Live Review of Flamy Grant in Nashville

The Basement East  Nashville, TN

Web: flamygrant.com

Contact: [email protected]

Players: Flamy Grant, vocals, acoustic guitar

Material: For many, religion is a source of trauma as much as comfort. That’s especially the case with the gay community, for obvious reasons. Enter Flamy Grant, the world’s first contemporary Christian drag queen pop star. After decades as a music minister, she tapped into her queer side and began performing flamboyant Amy Grant covers. Eventually, this gave way to her true artistic self. Today, her show features original tunes, one of the cleverest being a tribute to recently departed actor Leslie Jordan.

Musicianship: Grant remains a solo performer, so the show’s success rests on her singing, guitar playing and songwriting. While comfortable with her instrument, her vocals soar. Interestingly, Grant’s tone is more country than gospel. Call it a mix of Wynonna Judd smokiness and Dolly Parton realness. Her lyrics, meanwhile, sparkle as brightly as her rhinestone jumpsuit. If only there were more and better hooks. She encouraged the audience to sing along with her catchiest, from a track off her forthcoming sophomore album.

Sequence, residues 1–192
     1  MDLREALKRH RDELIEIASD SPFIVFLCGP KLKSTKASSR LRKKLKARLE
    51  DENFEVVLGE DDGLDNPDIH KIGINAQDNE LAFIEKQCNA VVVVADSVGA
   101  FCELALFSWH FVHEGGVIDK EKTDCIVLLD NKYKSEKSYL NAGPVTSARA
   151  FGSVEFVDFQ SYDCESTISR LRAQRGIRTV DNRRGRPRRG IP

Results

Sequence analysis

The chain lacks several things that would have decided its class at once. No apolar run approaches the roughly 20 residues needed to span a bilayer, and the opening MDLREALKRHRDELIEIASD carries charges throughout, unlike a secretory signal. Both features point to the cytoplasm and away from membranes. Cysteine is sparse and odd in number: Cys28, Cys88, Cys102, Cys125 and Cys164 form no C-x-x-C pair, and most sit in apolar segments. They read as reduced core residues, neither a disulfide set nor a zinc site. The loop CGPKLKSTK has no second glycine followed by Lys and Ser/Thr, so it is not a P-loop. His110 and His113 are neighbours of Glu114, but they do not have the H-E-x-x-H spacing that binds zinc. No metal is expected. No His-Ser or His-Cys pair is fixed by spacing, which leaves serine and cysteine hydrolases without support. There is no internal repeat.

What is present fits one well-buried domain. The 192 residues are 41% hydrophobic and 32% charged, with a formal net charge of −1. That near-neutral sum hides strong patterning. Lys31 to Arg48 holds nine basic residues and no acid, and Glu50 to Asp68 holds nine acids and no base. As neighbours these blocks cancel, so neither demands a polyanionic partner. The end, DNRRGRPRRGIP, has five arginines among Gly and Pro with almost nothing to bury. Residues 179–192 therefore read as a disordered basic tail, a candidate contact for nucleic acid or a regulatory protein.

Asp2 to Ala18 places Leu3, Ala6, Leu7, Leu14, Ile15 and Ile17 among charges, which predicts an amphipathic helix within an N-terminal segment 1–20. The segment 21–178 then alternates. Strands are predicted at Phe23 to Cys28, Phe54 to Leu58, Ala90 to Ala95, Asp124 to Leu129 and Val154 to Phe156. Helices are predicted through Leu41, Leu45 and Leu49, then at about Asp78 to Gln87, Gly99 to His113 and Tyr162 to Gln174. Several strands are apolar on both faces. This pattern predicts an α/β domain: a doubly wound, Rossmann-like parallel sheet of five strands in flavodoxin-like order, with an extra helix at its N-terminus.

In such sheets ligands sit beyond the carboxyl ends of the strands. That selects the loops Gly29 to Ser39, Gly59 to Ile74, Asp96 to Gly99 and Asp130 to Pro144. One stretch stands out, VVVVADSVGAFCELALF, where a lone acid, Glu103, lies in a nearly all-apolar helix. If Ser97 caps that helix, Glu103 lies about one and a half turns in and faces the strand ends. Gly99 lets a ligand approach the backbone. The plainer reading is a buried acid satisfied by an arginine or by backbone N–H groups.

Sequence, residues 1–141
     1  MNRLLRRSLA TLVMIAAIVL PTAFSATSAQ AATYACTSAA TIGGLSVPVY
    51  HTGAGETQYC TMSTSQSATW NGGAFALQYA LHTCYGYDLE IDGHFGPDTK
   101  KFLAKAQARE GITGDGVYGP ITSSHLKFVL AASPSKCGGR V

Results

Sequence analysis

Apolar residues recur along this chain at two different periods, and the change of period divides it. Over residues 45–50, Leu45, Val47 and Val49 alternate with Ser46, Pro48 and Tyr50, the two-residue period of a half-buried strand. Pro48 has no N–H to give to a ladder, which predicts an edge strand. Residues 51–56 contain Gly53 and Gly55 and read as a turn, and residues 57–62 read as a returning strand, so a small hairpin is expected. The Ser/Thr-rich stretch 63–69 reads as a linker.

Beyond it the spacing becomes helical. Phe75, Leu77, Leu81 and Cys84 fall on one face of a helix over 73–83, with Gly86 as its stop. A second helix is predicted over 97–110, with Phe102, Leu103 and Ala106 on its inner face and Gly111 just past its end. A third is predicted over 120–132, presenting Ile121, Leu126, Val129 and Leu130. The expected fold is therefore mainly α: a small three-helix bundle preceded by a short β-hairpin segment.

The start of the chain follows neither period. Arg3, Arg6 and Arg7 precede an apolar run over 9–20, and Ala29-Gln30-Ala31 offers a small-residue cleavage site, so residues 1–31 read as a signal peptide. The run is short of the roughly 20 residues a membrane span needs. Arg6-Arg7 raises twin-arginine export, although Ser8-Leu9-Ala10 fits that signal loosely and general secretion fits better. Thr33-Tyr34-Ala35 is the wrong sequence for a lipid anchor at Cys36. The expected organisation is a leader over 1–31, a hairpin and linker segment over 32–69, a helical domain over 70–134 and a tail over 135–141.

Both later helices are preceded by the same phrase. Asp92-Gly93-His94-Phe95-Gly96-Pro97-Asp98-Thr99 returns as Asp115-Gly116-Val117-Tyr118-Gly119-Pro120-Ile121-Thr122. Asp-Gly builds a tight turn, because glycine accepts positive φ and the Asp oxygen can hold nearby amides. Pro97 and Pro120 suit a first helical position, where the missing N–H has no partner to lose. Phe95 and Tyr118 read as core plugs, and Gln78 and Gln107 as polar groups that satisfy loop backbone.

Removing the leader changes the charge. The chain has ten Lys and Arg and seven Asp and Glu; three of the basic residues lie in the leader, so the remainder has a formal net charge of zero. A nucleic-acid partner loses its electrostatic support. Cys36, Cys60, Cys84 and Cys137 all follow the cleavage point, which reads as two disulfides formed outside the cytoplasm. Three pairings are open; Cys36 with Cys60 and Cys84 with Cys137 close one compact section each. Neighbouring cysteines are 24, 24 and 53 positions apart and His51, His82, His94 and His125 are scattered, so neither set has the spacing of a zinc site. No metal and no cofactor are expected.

Performance: Drag queens are known for their outrageous appearances, ribald senses of humor and over-the-top personalities. Flamy Grant embodies these qualities, yet they take a back seat to a sincere exploration of the peace she’s forged with her faith, the world and herself. Flipping this audience expectation works to great effect. Unfortunately, the show had numerous goofs, including forgetting the words to one tune and launching headlong into the wrong verse with another. To her credit, she knows how to recover and keep the show rolling.

Summary: With a debut record under her belt, numerous awards and heaps of media buzz, Grant is now making a full-on attempt at planting her flag as a solo artist. While she possesses musical verve, it’s her story that draws interest. She clearly understands this, as she sprinkles her gigs liberally with between-song anecdotes and humorous banter. The problem is that only a limited peek into her inner soul can happen within a rock concert context. It would make sense if her 90-minute, one-woman show achieves this better.